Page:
Scientists from Northumbria University have developed a new optical sensing technology which can light up areas of an object or material by creating microscopic wrinkles and folds within its surface.
Inspired by the way the outer layer of plants and animals can change colour in nature, the researchers have combined their expertise in physics and chemistry to create the new technology.
It could have a variety of practical applications, including within flexible wearable devices, electronics, and in 3D printing.
Their research paper setting out the findings, entitled A flexible topo-optical sensing technology with ultra-high contrast, has been published in the prestigious scientific journal Nature Communications.
There are two specific elements to the research. The first was the creation of a thin ‘film’ or material which, when stimulated with a mechanical or electronic signal, results in microscopic folds being created on its surface, usually too small to be seen with the naked eye.
The second element was the creation of a chemical ‘paint’ which is applied to the material. When the folds are created in the surface, the resulting change in oxygen levels within the ‘paint’ leads to a chemical reaction. This creates a luminescent effect, making the surface of the material appear to ‘light up’ in the area where the fold has occurred (see diagram below).
The research was carried out by Dr Ben Bin Xu and Dr Yifan Li, from Northumbria University’s Department of Mechanical and Construction Engineering, and Dr Valery Kozhevnikov from Northumbria’s Department of Applied Sciences.
Dr Xu, an associate professor in Mechanical Engineering, led the project and said: “Wrinkles and folds are usually unwanted in engineering terms. Similarly, an oxygen quenching effect is not popular in fluorescence science.
“However, through micro-engineering, magic happened, and two unwanted phenomena were turned into a responsive and programmable ‘fold to glitter’ function.”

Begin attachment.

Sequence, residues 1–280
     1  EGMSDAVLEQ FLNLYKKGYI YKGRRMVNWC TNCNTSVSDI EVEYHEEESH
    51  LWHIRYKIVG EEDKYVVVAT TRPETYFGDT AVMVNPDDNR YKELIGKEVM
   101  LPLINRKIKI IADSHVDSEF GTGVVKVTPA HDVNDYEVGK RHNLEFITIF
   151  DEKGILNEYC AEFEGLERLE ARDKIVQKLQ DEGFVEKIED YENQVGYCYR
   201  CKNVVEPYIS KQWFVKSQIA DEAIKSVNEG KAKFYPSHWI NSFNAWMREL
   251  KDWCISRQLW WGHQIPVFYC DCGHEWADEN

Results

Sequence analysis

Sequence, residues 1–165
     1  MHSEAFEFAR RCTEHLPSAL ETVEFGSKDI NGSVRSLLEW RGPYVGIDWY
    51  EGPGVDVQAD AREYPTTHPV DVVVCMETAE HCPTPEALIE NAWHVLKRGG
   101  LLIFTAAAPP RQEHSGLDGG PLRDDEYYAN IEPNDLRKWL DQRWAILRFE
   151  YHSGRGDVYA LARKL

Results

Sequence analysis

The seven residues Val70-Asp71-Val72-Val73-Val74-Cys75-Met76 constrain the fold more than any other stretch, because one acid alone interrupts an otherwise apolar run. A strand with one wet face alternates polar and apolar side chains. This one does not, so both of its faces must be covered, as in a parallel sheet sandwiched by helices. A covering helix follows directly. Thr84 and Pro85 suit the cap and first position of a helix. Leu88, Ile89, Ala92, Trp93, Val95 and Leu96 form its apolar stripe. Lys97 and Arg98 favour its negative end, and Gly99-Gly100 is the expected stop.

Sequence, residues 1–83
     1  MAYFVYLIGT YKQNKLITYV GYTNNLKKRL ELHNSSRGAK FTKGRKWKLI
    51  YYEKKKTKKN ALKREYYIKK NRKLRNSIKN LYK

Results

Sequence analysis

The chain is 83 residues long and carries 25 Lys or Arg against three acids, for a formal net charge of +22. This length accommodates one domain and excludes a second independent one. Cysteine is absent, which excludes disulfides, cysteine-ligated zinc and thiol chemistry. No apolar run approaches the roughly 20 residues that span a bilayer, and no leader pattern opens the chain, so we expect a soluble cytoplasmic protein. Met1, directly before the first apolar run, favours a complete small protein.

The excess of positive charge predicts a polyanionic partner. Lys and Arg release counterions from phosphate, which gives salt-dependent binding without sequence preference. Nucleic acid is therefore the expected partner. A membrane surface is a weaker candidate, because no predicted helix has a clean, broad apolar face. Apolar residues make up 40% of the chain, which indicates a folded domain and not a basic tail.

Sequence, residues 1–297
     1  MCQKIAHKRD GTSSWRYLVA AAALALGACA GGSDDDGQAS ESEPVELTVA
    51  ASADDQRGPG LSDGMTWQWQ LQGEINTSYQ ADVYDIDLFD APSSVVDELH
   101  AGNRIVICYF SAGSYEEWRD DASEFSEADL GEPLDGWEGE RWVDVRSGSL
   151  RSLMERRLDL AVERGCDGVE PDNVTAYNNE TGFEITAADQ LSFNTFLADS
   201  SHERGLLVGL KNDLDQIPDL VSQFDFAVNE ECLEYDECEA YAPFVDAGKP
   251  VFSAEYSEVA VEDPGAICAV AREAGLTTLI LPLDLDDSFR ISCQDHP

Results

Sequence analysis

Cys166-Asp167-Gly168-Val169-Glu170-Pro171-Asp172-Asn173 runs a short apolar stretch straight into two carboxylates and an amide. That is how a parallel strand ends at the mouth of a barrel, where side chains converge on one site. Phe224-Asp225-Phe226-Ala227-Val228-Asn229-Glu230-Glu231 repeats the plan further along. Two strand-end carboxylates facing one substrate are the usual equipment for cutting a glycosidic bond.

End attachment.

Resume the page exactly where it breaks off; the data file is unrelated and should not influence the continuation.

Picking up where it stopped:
When subjected to mechanical stimuli, elastomeric materials such as that created by the Northumbria University researchers can undergo surface changes, such as wrinkles and cracks. This can be used to create switchable optical features and structural colour with dynamic luminescent patterns.
The phenomenon of elastic wrinkling and folding exists widely in nature and there has been much research by academics to understand the mathematical and physical science behind these changes and to explore how this could be used for innovative engineering solutions.
It is hoped this latest research will create new opportunities for designing the next generation of flexible/wearable devices.
Professor John Woodward, Pro Vice-Chancellor of Northumbria University’s Faculty of Engineering and Environment, said: “This is exciting new research with a number of emerging applications in flexible and wearable electronics and bio-devices.”
The work at Northumbria is part of a wider international collaborative research programme which also involved Prof Jie Kong from Northwestern Polytechnical University in China and Prof Ben Zhong Tang from Hong Kong University of Science and Technology.
It has been supported by the Engineering and Physical Sciences Research Council (EPSRC) and the Royal Society Kan Tong Po International Fellowship 2019.
Professor Laurent Dala, head of Northumbria’s Department of Mechanical and Construction Engineering, added: “The outcomes show promise for future international collaboration between Northumbria University, Northwestern Polytechnic University, China and Hong Kong University of Science and Technology and indicate the benefit of UKRI finding International research teams through fellowship grants.”
Find out more about Northumbria University’s Department of Mechanical and Construction Engineering and Engineering Materials and Mechanics Group (EM²G).
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